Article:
Amitabh, The Super Hero Of Small-Town India


Back then, three decades ago or thereabouts, when the multiplex as a possibility was nowhere on the horizon and crowds at single theatres were the barometer of a film’s success, the release of an Amitabh Bachchan movie was nearly always festival time.

The atmosphere around the theatre would be electric in Odisha. People would join the scrimmage at the ticket counter with gusto, sweating, shouting and swearing till they got their hand into that ticket counter from where the licence to watch the actor on the screen emerged. It was never a game for the faint-hearted. You had to fight off a nasty throng who attacked the tiny ticket counter from all possible angles and there were the thuggish ‘blackers’, rumoured to be carrying blades between their fingers, who had to be fended off.

The smiles on faces at the end of the struggle said it all. Those with crest-fallen faces would try their luck again for the next show, the next day and the whole of next week. In the age of multiple screens and online booking and manufactured hype, the madness is a bit difficult to explain. It would escape the comprehension of the KBC generation. But that is what Amitabh Bachchan used to be for his fans. He drove them crazy like none of his contemporaries did.

At the end of the film, usually a trip across many emotions with anger and revenge as the dominant ones, there would be a bizarre sense of satisfaction. Young men would carry some of his swagger in their gait while trooping out of the theatre and minds would be heavy with scenes of the man in different frames. The latter would repeat playing in the mind for days and weeks. The dialogues would be delivered among friends for long, or at least till his next film hit the screen.

He was believable. The tall, lanky man did not need to flaunt a six-pack or ripping biceps to justify how he smashed to pulp 20 baddies on a narrow iron bridge or inside a godown stacked with sacks of grain and armed goons. Collective disbelief remained suspended when he went about the logic-defying Manmohan Desai movies with elan. He didn’t quite fit into intensely romantic movies, of which he had quite a few, but no one complained. The magic spell of his personality made all his shortcomings redundant.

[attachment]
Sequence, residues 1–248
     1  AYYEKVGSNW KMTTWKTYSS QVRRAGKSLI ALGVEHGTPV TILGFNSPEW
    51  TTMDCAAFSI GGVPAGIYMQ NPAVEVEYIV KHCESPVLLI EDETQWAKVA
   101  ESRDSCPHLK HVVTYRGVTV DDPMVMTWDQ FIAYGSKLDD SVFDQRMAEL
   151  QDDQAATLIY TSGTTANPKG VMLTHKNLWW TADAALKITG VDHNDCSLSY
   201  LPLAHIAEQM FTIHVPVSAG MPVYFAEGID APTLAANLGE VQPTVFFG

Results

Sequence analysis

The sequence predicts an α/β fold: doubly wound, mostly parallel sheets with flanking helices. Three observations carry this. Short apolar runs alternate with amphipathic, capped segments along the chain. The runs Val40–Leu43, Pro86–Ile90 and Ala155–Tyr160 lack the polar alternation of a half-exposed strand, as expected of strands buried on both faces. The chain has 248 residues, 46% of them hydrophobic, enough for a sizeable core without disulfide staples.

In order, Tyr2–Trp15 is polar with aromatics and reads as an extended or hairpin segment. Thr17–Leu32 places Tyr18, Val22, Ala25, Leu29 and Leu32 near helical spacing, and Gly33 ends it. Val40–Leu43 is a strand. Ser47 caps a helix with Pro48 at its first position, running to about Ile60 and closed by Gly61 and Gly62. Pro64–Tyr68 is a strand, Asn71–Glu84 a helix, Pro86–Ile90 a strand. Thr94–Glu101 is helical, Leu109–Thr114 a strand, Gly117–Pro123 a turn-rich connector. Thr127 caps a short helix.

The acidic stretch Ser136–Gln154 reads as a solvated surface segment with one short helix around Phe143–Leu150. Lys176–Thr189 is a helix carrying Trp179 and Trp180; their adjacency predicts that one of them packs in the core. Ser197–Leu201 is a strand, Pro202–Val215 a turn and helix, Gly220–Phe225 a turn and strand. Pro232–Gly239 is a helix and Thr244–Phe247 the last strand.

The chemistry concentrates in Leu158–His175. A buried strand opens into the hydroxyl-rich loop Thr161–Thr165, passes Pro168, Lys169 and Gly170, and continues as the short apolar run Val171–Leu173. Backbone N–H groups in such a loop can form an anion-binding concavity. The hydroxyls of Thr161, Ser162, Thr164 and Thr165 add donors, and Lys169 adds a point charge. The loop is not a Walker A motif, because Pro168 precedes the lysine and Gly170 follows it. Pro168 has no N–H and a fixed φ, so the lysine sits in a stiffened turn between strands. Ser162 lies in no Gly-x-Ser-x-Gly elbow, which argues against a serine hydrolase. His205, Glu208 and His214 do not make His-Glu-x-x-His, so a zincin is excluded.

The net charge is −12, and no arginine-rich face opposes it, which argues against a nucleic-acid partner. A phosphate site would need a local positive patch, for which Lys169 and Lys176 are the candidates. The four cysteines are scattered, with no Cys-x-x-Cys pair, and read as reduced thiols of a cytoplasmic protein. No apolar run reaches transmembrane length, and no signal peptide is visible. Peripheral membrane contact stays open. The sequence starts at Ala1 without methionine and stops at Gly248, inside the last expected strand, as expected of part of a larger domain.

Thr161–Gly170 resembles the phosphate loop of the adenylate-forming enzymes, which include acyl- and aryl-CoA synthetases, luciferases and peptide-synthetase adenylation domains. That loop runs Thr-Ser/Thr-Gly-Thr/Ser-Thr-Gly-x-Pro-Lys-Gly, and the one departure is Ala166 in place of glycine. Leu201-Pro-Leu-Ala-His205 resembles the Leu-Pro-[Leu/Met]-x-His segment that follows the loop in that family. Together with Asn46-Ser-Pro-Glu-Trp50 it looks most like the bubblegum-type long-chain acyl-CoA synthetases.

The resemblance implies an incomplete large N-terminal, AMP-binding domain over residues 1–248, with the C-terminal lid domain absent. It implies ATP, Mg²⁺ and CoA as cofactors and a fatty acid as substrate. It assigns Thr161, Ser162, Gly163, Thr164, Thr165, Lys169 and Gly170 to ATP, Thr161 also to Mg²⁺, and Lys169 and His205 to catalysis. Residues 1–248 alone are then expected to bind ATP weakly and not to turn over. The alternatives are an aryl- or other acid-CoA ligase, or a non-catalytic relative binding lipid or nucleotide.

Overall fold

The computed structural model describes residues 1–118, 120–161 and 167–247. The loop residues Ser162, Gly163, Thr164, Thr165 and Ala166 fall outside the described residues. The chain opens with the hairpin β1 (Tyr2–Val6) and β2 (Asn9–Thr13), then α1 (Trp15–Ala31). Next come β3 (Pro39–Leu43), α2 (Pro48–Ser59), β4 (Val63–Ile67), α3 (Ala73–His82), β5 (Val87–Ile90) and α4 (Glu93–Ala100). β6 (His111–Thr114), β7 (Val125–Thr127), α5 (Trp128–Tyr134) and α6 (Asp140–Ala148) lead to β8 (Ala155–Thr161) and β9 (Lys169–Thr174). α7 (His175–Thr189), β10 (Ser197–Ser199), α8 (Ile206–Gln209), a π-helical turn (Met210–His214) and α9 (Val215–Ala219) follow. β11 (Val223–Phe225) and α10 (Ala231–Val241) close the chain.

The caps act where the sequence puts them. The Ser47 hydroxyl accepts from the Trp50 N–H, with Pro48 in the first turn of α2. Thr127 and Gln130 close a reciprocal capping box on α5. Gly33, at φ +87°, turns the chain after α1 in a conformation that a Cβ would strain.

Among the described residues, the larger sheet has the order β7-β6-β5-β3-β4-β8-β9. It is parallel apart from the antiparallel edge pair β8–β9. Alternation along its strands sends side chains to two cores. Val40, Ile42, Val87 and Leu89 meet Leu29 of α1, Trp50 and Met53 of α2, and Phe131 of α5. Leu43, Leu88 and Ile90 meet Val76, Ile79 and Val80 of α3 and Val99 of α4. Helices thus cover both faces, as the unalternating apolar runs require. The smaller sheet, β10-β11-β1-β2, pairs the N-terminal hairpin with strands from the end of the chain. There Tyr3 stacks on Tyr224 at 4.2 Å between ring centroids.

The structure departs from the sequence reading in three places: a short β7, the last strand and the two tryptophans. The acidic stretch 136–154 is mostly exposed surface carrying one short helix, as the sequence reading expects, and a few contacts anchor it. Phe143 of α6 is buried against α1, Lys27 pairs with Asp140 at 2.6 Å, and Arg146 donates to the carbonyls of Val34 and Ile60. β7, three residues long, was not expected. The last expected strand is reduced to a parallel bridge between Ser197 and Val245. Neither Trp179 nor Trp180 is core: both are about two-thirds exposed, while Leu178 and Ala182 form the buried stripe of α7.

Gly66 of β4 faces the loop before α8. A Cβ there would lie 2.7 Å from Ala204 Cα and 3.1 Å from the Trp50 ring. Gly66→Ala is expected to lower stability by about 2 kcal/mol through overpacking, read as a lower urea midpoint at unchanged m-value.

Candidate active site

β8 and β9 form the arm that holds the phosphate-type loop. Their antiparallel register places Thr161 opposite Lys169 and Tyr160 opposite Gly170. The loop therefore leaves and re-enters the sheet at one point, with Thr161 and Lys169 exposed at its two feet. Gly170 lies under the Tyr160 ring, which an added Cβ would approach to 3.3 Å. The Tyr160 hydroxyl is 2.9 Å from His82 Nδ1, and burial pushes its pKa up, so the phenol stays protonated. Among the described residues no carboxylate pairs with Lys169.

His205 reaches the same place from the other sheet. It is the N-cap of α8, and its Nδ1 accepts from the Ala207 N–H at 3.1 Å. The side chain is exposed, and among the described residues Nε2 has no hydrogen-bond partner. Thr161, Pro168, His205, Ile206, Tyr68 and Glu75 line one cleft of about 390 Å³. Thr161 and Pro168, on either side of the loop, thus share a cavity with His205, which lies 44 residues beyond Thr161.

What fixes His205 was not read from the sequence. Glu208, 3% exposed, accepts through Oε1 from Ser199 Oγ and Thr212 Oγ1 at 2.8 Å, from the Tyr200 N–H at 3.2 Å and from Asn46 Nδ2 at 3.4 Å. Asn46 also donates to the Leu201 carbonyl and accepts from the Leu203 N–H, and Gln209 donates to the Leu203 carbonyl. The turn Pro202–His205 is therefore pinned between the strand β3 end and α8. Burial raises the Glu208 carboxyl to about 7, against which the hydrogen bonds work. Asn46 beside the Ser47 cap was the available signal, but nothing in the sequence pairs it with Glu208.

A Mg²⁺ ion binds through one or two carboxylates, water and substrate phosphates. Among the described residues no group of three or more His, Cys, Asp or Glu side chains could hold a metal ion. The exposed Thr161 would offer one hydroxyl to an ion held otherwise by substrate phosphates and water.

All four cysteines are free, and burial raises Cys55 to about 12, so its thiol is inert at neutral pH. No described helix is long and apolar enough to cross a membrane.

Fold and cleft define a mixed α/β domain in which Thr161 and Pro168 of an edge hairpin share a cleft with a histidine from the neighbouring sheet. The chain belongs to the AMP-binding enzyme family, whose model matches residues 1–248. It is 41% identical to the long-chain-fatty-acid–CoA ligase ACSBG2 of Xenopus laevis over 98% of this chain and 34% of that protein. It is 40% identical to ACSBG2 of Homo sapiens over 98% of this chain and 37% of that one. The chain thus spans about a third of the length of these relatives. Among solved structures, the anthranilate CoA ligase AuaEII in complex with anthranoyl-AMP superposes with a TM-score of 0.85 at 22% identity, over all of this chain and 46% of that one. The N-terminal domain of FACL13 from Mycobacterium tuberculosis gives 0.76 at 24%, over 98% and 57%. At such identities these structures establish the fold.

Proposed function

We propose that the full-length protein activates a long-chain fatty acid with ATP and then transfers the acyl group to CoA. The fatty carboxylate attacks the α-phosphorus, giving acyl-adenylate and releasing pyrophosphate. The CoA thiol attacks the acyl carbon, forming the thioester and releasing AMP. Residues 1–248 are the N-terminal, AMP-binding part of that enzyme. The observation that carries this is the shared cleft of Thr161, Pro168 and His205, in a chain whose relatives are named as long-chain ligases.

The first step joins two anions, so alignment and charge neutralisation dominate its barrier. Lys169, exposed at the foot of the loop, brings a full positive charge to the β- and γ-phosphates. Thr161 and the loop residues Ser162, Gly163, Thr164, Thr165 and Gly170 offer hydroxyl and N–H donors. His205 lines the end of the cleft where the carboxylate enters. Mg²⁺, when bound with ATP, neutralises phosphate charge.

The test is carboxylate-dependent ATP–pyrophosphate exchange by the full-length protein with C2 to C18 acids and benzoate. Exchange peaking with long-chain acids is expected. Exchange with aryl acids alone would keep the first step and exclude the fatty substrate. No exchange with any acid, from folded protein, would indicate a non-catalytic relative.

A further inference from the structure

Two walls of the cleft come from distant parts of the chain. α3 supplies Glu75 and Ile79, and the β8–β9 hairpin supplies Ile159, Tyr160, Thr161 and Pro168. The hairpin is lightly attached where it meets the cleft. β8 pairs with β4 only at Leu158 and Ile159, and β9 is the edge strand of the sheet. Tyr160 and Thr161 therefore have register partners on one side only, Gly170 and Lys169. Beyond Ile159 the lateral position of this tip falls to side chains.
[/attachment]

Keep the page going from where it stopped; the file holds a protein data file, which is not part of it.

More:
He set the fashion trend for the rural and semi-urban youth. Many parted their hair in the middle after watching his films and others shifted to wearing bell-bottom trousers. His jackets were a rage. Those who could procure downmarket copies of these from cities, flaunted them proudly back home. In his peak period between the late 1960s and early 1970s, Rajesh Khanna held his fans in similar thrall but Amitabh took it to another level altogether. That he eclipsed Khanna soon enough is another story. But that is the way charisma works.

Amitabh was charismatic. His deep, resonant voice, his image as a rebel, his portrayal of the angst of the times and the devil may care attitude of his characters went into the construction of the charisma. That a whole nation would plunge into grief and pray to all gods for his recovery in an unprecedented show of love after his near-fatal injury on the sets of Coolie, reflected his grip over the popular imagination not only as a hero but also as someone who had transcended being an actor to the status of demi-god.


The Khan trio of today or Akshay Kumar or Hrithik may have been highly popular post the gradual abandonment of central roles by Amitabh but none among them seem to generate fan frenzy like he did in his heyday. We are talking of times when stars did not make ceaseless rounds of cities and TV studios to promote their movies or stay connected to fans through social media or shows on television. They had to make a place and stay in the memories of the people. Amitabh did it better than all.


If you don’t belong to small-town India of the 1970s and 1980s, you may understand Amitabh Bachchan the actor, but will never fully grasp Amitabh Bachchan the phenomenon.





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